The return of teacher-assessed grades now looks inevitable
Ask any teacher, pupil or parent: absence from Covid is putting a huge strain on schools at the moment. Recent figures show that in both primary and secondary schools, sickness absence has been higher this term than any time since September 2020, and in secondary schools sickness absence has increased by two-thirds compared to last year. In Oxfordshire dozens of schools have partially closed, with the majority citing ‘exceptional levels of staff sickness’, and this seems to be the case across the country from Basingstoke to Chester to West Bromwich.
Things are likely to get worse. Covid case numbers are already highest among 5-14 year olds, and in October the ONS estimated that one in twenty secondary school children had the virus. While the government has decided to put all of its eggs in the booster basket, this is hardly going to affect school students, as the majority are still unvaccinated. We know that Omicron is even more transmissible than Delta, and studies predict a ‘major wave’ in the coming months. Just this morning Health Secretary Sajid Javid warned that “there was no guarantee schools would stay open”, a sentiment echoed by Education Secretary Nadim Zahawi.
In schools there is already a sense of exhaustion, dread, and, most worryingly, deja vu. All signs seem to be pointing in the same direction: the return of teacher-assessed grades.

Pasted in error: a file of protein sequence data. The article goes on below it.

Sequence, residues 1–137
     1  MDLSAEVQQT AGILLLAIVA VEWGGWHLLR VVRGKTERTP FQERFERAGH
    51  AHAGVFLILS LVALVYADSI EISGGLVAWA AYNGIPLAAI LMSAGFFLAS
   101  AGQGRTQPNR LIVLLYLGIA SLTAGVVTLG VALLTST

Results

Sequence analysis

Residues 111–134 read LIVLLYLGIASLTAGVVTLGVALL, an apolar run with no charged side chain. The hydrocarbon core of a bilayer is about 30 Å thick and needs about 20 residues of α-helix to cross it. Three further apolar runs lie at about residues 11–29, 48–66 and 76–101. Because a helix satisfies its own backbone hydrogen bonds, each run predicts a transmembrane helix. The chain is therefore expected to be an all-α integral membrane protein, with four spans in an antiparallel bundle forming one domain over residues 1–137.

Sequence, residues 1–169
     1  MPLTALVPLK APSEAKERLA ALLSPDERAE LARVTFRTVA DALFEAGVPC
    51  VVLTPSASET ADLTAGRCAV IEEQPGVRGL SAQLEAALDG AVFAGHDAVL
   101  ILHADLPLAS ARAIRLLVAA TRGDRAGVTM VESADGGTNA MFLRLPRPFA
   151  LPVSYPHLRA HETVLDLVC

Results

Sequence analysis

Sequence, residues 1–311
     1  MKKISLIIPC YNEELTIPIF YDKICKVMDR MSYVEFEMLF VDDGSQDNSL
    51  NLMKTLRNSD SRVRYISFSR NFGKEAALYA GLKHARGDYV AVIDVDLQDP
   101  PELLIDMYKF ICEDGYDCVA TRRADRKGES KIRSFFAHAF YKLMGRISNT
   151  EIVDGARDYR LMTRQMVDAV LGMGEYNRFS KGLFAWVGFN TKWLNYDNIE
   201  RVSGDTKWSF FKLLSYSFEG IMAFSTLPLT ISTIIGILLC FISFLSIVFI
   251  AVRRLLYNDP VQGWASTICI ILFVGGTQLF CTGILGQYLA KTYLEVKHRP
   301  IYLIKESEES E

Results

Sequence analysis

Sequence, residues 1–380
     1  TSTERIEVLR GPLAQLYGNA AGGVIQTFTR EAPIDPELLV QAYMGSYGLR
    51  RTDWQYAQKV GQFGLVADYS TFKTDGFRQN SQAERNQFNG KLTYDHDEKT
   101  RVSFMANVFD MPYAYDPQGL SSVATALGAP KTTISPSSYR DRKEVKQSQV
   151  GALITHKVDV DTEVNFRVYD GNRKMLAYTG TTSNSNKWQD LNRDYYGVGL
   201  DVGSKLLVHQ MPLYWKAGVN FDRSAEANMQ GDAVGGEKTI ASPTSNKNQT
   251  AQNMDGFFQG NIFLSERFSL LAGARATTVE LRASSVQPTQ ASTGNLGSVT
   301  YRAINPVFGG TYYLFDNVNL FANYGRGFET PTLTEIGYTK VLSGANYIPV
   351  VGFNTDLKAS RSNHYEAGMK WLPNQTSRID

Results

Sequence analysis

I sincerely hope that I am wrong. I believe that teacher-assessed grades put teachers in an impossible position, and the huge (unpaid) workload of marking all the extra internal assessments is nothing short of exploitative. We have seen from the last two years that cancelling exams inevitably leads to rampant grade inflation, and puts pressure on universities who are oversubscribed and have over-promised places. And yet it feels inevitable. If the experts are right and we see a million cases of Omicron by the end of the month, then this will cause chaos when students return in January, especially as close contacts of Omicron also have to isolate. Furthermore, even if staff have their booster jabs by the end of the Christmas holidays, there could still be mass staff absences with positive tests.
Even if the government vows to keep schools open at all costs, some schools inevitably have been — and will continue to be — more disrupted than others. For example, sixth formers at Stantonbury International School and Oxford Spires Academy were learning remotely last week, and many other schools are imposing their own ‘circuit-breakers’ in virus hotspots. These regional inconsistencies and closures are dangerous because they not only widen existing educational inequalities, but they will also make pushing forward with GCSEs and A-Levels increasingly untenable given that the playing field is already so horribly uneven.
Even before Omicron there was an underlying nervous unease around examinations; teachers were collecting evidence ‘just in case’ and pupils talked about the need to take mocks extra seriously. Now the mood has darkened further, and whether we like it or not, what was once a possibility now seems like a near certainty.